“The Museum of Extraordinary Things,” by Alice Hoffman

Spooky season is upon us, and I think I found just the hauntingly good book for the occasion. There’s no ghosts, ghouls, or dybbuks, but there is the early 20th century Coney Island sideshow attraction The Museum of Extraordinary Things. Here is where we meet our heroine, Coralie, a young woman who grows up in the house attached to the museum and is groomed by her father to become the museum’s star attraction as a mermaid in her teenage years.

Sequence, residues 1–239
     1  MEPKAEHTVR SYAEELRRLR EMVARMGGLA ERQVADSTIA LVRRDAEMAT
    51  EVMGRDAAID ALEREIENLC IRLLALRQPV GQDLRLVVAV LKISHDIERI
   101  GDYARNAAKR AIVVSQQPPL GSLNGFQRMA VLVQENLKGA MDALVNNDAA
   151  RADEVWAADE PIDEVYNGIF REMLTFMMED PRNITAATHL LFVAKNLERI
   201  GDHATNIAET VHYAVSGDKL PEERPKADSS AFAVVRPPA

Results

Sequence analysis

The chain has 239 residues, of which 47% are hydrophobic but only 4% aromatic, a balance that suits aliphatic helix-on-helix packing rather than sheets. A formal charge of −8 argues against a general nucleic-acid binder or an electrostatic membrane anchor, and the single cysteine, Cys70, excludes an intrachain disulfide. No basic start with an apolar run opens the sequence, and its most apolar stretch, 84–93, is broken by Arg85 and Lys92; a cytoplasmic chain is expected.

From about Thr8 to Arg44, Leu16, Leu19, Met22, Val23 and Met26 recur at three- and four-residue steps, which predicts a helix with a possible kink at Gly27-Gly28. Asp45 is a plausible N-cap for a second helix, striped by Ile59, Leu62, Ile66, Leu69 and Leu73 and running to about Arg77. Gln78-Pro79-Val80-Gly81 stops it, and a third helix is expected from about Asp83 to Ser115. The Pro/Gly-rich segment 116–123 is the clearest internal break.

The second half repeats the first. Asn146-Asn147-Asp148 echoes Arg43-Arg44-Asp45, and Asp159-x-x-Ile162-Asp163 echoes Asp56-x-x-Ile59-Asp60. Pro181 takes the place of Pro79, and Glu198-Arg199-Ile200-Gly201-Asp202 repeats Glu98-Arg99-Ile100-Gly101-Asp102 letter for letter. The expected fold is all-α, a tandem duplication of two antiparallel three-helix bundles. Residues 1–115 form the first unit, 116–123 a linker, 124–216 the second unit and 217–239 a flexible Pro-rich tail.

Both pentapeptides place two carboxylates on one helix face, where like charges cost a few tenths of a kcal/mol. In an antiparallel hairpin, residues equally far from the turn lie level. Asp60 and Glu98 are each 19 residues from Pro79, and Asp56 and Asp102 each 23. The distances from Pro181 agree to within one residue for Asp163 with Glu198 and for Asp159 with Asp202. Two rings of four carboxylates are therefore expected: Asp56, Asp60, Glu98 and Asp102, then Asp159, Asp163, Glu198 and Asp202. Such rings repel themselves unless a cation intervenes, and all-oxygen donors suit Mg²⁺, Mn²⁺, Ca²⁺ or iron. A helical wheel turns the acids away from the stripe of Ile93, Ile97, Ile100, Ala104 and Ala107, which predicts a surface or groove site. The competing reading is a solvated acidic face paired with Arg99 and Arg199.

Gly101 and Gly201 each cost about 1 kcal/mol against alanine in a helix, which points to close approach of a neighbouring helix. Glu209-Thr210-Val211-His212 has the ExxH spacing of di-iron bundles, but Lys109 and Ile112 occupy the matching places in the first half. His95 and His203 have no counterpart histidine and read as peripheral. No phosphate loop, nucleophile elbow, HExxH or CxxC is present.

During her midnight swim sessions, she stumbles upon young New York photographer, Eddie, in the woods. From there, Coralie and Eddie’s fates are intertwined in a murder mystery, as well as a love story.

This unusual and gripping page-turner is a ghost story of a different kind. From the Russian pogroms that Eddie and his father escape to the Triangle Shirtwaist Factory fire and even the personal horrors that Coralie experiences at the museum, Ms. Hoffman shows us that even our wildest imaginings aren’t as horrible as what humans can inflict on one another. And yet, there’s always a chance for redemption, new beginnings, and even love for those who seek it.

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